Posted By on April 30th, 2014 at 11:32 am | 0 comments.

Rainy-Day-To-do-list

April Showers just won’t seem to let up (at least at the PBCC office in Lebanon)!  If you’re battling the rainy day blues, check out our to-do list for days like this:

1.  Schedule your mammogram!  Don’t put it off.  Early detection saves lives.  No insurance?  Check out PA’s Healthy Woman program here.

2.  Start a new book.  Rainy days are perfect for reading.  Look through our list of favorites in the PBCC book club here.

3.  Sign up to volunteer.  The PA Breast Cancer Coalition and its Grassroots Partners host events year-round to support survivors, their families and breast cancer researchers including the upcoming Take a Swing Against Breast Cancer Home Run Derby.  Click here for more information.

4.  Be Inspired.  Browse our online photo exhibit, 67 Women, 67 Counties: Facing Breast Cancer in Pennsylvania for quotes and photos from brave women all across the state.  The exhibit will be on display starting this Thursday, May 1 in Westmoreland County.  Join us! Details here.

5.  Break a sweat!  Hitting the gym is a great stress-reliever and we all know it’s good for our health.  If you’re a survivor, find out if there are any free programs in your area like the Pink Complete program at Lebanon YMCA.

6.  Take a nap.  Catching some extra Zzzs can be just what you need to recharge.

7.  Share Your Story.  Every breast cancer survivor has a unique journey.  Share yours with us and inspire other women just like you.  Click here to send us your story.

8.  Grab coffee with a friend.  If you don’t feel like going out, order in.  Chick Coffee has a whole line of products that support our cause.  Check ‘em out here.

9.  Two words – Bubble. Bath.

10.  Eat up.  Try a new recipe or whip up some comfort food.  Looking for something yummy and healthy?  Check out the Silver Pen blog for something fresh and new.  Bonus: It’s written by a breast cancer survivor who also shares some great stories and tips to navigate a diagnosis.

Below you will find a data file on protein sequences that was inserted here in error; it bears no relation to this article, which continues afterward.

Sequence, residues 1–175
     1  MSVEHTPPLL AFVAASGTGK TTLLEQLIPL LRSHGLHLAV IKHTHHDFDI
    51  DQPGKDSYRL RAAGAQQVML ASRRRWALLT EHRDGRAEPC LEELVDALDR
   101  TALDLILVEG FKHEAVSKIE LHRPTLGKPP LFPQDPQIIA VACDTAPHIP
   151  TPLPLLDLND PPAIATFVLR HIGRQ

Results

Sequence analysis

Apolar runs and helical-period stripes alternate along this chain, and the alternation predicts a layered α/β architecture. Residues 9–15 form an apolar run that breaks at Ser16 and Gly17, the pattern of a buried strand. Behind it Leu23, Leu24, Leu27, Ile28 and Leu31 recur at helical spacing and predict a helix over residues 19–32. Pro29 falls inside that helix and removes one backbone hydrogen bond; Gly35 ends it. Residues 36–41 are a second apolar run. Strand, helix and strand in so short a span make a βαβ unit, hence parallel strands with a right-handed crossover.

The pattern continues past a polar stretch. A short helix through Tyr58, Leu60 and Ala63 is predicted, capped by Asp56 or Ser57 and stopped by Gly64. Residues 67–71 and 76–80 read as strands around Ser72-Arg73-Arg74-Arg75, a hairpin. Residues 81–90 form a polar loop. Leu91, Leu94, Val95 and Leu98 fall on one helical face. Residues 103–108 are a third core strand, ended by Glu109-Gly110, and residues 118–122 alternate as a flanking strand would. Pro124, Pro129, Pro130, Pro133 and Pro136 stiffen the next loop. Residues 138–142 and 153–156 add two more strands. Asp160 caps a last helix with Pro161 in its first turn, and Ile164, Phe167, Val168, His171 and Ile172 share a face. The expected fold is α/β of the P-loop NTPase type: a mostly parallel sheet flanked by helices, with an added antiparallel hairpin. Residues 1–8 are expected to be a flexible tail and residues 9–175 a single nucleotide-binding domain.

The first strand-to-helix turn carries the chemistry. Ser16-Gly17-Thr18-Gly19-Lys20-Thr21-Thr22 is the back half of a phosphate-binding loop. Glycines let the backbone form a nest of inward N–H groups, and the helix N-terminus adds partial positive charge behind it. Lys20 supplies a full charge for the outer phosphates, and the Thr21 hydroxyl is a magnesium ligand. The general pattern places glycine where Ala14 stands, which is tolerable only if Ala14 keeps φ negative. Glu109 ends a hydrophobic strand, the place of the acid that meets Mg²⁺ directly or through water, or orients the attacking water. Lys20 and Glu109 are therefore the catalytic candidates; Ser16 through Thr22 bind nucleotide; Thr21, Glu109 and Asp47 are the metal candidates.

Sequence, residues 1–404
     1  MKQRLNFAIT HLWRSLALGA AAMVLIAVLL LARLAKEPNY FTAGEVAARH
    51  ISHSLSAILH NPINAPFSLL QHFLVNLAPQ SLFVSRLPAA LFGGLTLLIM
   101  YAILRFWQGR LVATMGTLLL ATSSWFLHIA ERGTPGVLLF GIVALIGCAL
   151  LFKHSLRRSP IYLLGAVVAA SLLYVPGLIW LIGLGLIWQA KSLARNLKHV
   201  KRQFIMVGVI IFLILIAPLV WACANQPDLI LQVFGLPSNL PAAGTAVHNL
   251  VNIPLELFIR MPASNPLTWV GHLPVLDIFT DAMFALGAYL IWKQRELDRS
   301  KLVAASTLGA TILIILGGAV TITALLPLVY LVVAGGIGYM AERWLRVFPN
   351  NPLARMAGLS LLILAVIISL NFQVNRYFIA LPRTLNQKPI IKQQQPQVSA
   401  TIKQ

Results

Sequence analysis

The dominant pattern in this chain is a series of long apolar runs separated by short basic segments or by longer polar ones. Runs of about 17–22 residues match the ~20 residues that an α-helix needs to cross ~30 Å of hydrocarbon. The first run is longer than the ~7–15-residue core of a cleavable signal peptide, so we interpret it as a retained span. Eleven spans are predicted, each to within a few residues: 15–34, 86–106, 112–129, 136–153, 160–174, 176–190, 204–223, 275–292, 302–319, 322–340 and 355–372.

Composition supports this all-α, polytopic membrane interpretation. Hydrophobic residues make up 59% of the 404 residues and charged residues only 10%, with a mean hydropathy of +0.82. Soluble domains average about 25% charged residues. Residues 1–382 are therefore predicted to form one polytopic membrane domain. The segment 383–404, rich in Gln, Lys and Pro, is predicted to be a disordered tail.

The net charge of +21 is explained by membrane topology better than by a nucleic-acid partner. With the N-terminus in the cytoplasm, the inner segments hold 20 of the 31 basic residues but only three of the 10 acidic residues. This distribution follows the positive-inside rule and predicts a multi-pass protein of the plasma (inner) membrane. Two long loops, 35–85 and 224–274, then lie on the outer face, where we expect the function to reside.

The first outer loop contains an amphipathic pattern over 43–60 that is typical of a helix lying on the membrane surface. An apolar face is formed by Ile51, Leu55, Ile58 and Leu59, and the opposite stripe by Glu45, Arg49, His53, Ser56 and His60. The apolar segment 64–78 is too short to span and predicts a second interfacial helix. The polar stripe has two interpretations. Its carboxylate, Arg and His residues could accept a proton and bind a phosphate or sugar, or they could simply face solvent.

Federal Law Allows Patient Access to Lab Test Results

Posted By on April 15th, 2014 at 8:32 am | 0 comments.

lab-results-pic-for-PLA new federal rule announced by the Department of Health and Human Services requires clinical laboratories to allow patients access to their own lab-test results upon request.  Officials say this type of information can empower patients to track their health progress and make decisions with health-care providers.  What does it mean for you?

Some physician groups including the American Medical Association expressed concern regarding how patients would react to test results without a doctor’s explanation.  The law gives labs 30 days to comply with a patient request so there is time for physicians to contact patients first.
Studies show that nearly a quarter of all abnormal lab results are not communicated to patients in a timely manner.  This may be an oversight from doctor’s offices, but patients may assume that their results are normal if they do not hear from their provider.  This new ruling is a way to decrease this occurrence and allow patients another means of accessing their test results.  The ruling does not mean that providers are no longer responsible for sharing test results with patients, it is a key that they share the results and communicate exactly what those results mean to patients and their health.

To read the complete Wall Street Journal article published on the law, click here.